Originally Published in Supply Chain Management Review | February 4, 2016 | By Paul Mandell
Be sure to lay groundwork for open ongoing communication among the departments partnering with procurement.
Editor’s Note: Paul Mandell, is Founder & CEO of Consero.
It has become clear that the most effective procurement departments rely not just on their own departmental capabilities and resources but also leverage internal partners to support their work. Below is a series of best practices that procurement leaders can follow to establish and make the most of their relationships with internal partners.
1. Build a Measurable Plan
To begin, consider building a departmental business plan that includes input from the departments that you serve, as well as departments that can support your mission. Such a plan should include long-term goals that serve both procurement and the other relevant departments, and which highlight deliverables required from each partner. By following this course, all parties that support or benefit from procurement’s work will have a shared set of expectations and will be more invested in the procurement process, leading to optimal results.
2. Create an Open Dialogue
In addition, be sure to lay groundwork for open ongoing communication among the departments partnering with procurement. Consider formal meetings to ensure that interests remain aligned over time and that procurement is getting the support it needs, including year-end or more frequent progress assessments. However, you may also consider more informal interactions, including social outings or casual inter-departmental gatherings designed to build rapport and ensure open channels of communication. The stronger the relationships that procurement has with other departments, the more productive those relationships will be.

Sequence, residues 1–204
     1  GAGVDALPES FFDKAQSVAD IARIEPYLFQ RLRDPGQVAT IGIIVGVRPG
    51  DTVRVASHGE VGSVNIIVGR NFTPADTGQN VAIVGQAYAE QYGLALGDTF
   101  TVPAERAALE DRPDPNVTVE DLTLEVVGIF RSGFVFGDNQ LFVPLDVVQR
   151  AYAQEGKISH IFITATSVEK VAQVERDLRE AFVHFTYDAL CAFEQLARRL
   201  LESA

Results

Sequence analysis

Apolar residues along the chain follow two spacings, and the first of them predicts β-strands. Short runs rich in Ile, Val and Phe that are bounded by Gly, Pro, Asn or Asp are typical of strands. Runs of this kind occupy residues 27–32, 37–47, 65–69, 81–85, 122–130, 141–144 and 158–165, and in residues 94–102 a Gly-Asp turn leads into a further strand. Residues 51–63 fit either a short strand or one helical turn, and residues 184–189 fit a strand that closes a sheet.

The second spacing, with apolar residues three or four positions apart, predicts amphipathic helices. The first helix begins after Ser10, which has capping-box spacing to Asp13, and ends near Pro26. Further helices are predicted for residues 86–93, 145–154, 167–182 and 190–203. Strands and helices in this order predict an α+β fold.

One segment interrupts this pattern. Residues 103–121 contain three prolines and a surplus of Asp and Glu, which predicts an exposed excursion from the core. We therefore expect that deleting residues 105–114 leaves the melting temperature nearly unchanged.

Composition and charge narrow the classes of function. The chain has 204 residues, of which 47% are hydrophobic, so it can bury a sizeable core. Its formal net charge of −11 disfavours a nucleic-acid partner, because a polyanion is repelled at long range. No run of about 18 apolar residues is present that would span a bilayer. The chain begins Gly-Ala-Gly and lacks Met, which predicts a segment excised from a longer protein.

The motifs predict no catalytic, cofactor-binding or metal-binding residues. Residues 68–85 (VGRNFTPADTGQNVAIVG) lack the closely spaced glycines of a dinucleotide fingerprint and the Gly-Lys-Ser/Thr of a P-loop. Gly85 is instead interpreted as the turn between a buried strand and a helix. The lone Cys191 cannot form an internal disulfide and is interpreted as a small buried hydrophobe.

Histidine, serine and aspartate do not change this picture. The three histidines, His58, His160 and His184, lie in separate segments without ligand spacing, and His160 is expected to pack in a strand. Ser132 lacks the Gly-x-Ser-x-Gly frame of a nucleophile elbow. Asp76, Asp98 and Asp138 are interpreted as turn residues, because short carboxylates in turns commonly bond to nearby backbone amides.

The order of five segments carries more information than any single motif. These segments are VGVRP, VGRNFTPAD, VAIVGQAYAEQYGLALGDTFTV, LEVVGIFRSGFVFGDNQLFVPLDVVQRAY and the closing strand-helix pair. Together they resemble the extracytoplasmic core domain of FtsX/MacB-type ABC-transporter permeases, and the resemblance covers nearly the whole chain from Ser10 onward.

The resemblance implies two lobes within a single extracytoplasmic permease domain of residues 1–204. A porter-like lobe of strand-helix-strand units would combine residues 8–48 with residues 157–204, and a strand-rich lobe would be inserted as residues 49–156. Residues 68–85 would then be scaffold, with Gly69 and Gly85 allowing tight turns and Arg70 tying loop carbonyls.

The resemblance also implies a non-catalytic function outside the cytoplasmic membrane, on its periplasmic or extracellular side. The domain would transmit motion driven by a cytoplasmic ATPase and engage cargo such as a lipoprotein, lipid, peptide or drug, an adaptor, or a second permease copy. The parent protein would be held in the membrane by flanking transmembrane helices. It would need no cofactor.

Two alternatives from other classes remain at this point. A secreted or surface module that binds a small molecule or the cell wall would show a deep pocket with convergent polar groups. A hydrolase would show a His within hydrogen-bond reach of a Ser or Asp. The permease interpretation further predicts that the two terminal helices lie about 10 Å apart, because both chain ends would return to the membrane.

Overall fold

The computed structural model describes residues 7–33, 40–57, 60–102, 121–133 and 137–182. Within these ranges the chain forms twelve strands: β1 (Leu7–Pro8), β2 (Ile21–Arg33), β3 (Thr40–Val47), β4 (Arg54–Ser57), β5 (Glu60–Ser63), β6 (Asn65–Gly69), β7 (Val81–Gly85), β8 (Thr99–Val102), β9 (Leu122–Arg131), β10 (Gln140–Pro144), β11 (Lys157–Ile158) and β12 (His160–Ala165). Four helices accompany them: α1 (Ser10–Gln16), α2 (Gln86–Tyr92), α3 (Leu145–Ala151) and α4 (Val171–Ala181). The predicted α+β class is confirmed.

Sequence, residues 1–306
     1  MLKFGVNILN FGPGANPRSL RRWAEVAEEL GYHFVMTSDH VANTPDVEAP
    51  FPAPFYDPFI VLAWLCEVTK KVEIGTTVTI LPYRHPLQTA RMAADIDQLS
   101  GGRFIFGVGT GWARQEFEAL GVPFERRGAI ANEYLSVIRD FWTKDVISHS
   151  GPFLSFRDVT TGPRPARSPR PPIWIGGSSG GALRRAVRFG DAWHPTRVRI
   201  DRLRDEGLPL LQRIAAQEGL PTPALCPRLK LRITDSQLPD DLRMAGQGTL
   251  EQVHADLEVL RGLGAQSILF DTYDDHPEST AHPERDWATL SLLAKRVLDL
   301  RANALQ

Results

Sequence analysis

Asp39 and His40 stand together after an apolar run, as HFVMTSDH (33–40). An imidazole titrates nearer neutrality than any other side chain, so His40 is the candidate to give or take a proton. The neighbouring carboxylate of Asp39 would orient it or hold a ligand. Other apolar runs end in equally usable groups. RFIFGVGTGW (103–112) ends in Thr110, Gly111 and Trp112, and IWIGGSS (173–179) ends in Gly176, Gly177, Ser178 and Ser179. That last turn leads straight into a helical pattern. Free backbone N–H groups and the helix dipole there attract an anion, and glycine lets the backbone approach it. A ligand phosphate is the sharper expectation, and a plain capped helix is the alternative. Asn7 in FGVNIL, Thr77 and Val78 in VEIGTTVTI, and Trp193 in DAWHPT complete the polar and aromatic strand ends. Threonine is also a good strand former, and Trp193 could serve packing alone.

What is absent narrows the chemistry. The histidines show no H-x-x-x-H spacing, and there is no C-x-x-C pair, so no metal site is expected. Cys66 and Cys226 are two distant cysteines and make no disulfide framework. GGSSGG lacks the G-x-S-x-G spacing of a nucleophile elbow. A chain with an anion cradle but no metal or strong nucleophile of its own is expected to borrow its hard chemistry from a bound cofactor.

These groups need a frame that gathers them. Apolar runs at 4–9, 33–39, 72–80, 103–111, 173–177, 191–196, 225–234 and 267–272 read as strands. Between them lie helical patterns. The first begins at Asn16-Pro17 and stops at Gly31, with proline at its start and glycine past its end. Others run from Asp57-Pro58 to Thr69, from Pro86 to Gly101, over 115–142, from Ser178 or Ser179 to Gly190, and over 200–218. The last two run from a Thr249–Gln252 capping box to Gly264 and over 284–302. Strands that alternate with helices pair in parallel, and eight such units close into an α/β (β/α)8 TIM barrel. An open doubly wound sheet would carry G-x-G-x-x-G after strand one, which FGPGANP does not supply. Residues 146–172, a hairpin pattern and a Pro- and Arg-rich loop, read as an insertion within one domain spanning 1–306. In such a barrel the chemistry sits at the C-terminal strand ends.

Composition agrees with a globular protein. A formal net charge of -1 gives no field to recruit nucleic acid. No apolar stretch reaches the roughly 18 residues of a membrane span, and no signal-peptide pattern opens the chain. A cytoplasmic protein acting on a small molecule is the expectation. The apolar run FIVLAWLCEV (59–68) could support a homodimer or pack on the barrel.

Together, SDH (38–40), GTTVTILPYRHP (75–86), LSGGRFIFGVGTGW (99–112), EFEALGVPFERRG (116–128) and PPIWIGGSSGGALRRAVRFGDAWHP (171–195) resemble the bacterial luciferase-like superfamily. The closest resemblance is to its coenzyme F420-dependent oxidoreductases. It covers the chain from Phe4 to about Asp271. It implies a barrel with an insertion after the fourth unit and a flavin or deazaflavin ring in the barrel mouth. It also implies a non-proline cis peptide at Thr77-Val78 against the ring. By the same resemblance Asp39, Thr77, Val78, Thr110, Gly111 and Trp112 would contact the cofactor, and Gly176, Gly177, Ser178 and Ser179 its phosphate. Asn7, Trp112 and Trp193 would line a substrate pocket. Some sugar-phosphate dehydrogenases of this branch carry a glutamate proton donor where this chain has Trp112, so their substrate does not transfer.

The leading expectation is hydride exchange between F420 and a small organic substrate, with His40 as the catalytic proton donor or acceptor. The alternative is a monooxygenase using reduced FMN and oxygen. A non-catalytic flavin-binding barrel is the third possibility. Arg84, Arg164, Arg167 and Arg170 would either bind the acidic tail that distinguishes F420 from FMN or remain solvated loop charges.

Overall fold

3. Be Inclusive with All Departments
Finally, consider developing relationships with departments that may not be directly relevant to procurement’s short-term goals but which can support procurement’s long-term interests. Just because a department may not offer obvious value to procurement’s mission does not mean that you should exclude that department from your work. Generally speaking, the more departments that are aware of procurement’s efforts and familiar with its mission, the more support that the procurement department will be able to find when it needs it most.
The Right Formula
No department can succeed entirely on its own, and this is particularly true for procurement, which has a mission and day-to-day work that is directly tied to the needs and objectives of the overall business. By finding the right internal business partners and cultivating them properly, the procurement department can perform at its best and most effectively serve the needs of the company.